Submitted by ORA Orthopedics
The foxtrot, tango, jitterbug, and cha-cha — Seventy-nine year old Kathleen Wheeler, Milan, IL, has ballroom danced throughout her life. However debilitating knee and back pain almost sidelined her for good. “I have ballroom danced since I was in junior high,” says Kathleen. “My parents danced in the Big Band era. Every Wednesday night they’d dance, and I would dance, too, with my older cousins. I loved ballroom as well as tap, ballet, and leading the band as a majorette in high school.”
Yet, her life-long passion came to a halt after knee and severe back pain. “I had been getting cortisone shots in my knee, and that worked for a while, but one day I got out of my van to get the mail and noticed I was suddenly falling.” A visit to see knee surgeon, Dr. Steven Boardman, ORA Orthopedics, verified that it was time for a total knee replacement. “Kathleen suffered from osteoarthritis, which is a normal arthritis for people at her age. It is characterized by the wear and tear of knee cartilage. This is a common diagnosis for people over 50,” he explains. Dr. Boardman successfully performed a total knee replacement that got Kathleen back on the dance floor, but only for a while. “Dr. Boardman was great and my knee felt fine, but I had also been living with back pain for years, and it just got worse,” recalls Kathleen.
She battled the pain until it became unbearable. “The pain just begins to drain you. It tore me apart. I could barely tolerate it.” ORA spine surgeon, Dr. Scott Collins, ordered an MRI that showed Kathleen suffered from a severe case of spinal stenosis, (a narrowing of the spinal column) as well as degenerative scoliosis (deterioration that leads to the curving of the spine). “He said to me, ‘I want you to see why your back hurts so much,’ and as I looked at the computer, my spine was really curved and it was pressing on my nerves. No wonder I had pain 24/7!” she recalls. “Dr. Collins told me without surgery, I could eventually be in a wheelchair. The thought of no more dancing was unacceptable. The news was devastating. I told him I wanted to dance again.”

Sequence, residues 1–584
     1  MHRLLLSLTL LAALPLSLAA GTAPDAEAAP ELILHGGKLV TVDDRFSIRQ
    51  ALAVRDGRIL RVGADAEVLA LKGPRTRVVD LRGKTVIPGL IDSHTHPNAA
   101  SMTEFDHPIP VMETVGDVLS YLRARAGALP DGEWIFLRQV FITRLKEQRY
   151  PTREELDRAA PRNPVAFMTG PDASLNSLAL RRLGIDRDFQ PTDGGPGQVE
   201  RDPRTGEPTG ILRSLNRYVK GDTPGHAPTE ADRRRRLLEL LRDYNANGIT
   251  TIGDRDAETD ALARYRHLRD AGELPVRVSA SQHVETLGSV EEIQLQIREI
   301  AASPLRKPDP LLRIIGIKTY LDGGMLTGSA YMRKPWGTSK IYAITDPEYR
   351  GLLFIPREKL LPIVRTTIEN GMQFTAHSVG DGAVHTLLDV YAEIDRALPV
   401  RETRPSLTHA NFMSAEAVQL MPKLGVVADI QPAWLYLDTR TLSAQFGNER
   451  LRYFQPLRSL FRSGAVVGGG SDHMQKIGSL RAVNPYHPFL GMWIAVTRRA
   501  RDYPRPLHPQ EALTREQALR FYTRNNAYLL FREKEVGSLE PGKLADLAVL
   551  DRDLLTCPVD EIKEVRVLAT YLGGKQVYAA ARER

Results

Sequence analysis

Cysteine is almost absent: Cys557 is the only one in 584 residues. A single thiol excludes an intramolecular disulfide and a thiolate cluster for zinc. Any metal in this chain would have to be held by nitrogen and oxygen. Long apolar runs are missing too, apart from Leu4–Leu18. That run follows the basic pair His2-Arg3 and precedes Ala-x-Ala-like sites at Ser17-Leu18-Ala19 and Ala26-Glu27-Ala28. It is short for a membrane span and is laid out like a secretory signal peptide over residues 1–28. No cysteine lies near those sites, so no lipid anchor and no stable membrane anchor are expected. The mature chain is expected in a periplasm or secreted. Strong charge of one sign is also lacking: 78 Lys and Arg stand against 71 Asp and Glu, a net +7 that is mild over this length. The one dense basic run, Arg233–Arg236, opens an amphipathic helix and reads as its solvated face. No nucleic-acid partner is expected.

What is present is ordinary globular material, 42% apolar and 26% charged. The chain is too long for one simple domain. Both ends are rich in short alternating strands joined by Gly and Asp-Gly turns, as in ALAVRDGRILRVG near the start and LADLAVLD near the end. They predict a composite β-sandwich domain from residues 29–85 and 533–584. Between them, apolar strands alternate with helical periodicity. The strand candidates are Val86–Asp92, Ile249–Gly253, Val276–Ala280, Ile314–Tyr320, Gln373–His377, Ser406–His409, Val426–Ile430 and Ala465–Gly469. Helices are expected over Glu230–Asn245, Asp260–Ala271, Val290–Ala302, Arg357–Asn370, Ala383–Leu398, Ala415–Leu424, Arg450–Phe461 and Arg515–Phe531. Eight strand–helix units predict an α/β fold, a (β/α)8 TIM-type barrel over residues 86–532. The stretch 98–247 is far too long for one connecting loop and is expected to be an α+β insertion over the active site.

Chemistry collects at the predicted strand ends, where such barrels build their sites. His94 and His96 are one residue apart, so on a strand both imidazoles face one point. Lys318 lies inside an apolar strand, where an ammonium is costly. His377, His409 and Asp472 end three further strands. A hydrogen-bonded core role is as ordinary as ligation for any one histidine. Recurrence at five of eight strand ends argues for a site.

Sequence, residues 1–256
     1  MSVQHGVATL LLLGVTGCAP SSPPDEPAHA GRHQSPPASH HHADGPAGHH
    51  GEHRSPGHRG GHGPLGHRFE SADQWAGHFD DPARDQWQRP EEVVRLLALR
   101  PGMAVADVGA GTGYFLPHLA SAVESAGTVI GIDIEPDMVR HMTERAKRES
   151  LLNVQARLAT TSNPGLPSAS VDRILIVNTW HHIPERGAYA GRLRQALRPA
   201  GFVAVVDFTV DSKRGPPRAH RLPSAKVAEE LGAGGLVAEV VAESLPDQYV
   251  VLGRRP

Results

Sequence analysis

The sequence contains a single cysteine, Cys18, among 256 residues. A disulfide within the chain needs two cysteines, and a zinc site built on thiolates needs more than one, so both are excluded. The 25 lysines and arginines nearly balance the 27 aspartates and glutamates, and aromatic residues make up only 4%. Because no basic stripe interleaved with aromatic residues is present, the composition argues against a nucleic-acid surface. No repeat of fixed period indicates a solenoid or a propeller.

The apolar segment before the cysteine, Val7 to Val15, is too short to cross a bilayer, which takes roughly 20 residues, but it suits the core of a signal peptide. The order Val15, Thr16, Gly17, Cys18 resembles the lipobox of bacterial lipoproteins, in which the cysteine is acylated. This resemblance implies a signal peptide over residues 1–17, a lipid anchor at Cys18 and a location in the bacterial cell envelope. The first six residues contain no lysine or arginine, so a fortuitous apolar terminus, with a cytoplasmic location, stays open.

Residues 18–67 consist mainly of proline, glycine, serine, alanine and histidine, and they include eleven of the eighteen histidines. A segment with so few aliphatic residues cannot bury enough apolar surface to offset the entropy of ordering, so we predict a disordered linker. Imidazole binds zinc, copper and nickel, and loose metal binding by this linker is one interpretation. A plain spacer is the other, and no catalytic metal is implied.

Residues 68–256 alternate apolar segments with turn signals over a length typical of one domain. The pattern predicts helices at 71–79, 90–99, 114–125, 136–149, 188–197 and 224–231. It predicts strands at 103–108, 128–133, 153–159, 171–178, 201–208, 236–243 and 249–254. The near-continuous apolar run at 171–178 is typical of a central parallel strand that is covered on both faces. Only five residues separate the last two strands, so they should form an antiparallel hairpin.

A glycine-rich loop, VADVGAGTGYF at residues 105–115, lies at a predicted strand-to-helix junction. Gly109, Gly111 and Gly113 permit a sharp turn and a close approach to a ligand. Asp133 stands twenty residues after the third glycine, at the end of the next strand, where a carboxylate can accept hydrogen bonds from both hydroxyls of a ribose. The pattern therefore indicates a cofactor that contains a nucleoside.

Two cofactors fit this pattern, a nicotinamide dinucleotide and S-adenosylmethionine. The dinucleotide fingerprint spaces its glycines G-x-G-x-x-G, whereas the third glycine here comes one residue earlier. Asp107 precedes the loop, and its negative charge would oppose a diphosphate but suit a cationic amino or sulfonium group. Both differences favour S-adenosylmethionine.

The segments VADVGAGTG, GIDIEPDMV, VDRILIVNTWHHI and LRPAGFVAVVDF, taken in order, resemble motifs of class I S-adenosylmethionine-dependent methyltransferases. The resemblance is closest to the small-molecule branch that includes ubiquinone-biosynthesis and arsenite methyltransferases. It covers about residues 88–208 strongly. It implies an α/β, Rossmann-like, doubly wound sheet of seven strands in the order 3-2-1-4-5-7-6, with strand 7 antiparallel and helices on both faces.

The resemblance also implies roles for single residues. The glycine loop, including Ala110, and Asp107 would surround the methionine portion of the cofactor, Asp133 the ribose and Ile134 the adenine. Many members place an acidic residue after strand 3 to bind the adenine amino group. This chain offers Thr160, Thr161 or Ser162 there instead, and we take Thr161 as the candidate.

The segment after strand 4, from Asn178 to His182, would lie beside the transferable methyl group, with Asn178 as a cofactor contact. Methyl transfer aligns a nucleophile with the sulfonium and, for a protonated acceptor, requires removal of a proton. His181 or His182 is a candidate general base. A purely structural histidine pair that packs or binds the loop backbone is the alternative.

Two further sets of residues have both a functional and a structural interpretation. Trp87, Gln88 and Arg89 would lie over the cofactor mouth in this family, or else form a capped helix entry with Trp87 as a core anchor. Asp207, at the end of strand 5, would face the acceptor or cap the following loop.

“Kathleen suffered horrible pain in her back and legs,” added Dr. Collins. “Her spinal canal was narrowed and pinching her nerves. Her spine was also severely curved. This type of scoliosis can happen with age, although not everyone suffers from it.” Dr. Collins performed back surgery to straighten her curved spine and open up the spinal canal before fusing her vertebrae. “These procedures take the pressure off the spinal cord, and the fusion stops the curve from progressing.”
“I remember waking up after surgery and not feeling pain for the first time,” recalls Kathleen. “They asked me if I had pain, and I said ‘Hooray, the pain is gone!’ Everyone in my room cheered.” Eight months after her surgery, Kathleen danced for the first time. “It felt great to move my body and legs again. I wasn’t sure if I could do it, but it was wonderful to be out on the dance floor. I like the waltz. I can do the fox trot and tango, but my favorite is waltzing. It’s a beautiful dance and lovely to watch as well. All I can say is that my surgery was a miracle. I feel so blessed I chose and trusted my life to Dr. Collins. He’s a true professional and a skilled surgeon. I feel like I have my whole life back. It was a miracle for me.”
For more information about knee or back surgery, log on to www.qcora.com, call 563-322-0971, or follow ORA on Facebook and Twitter.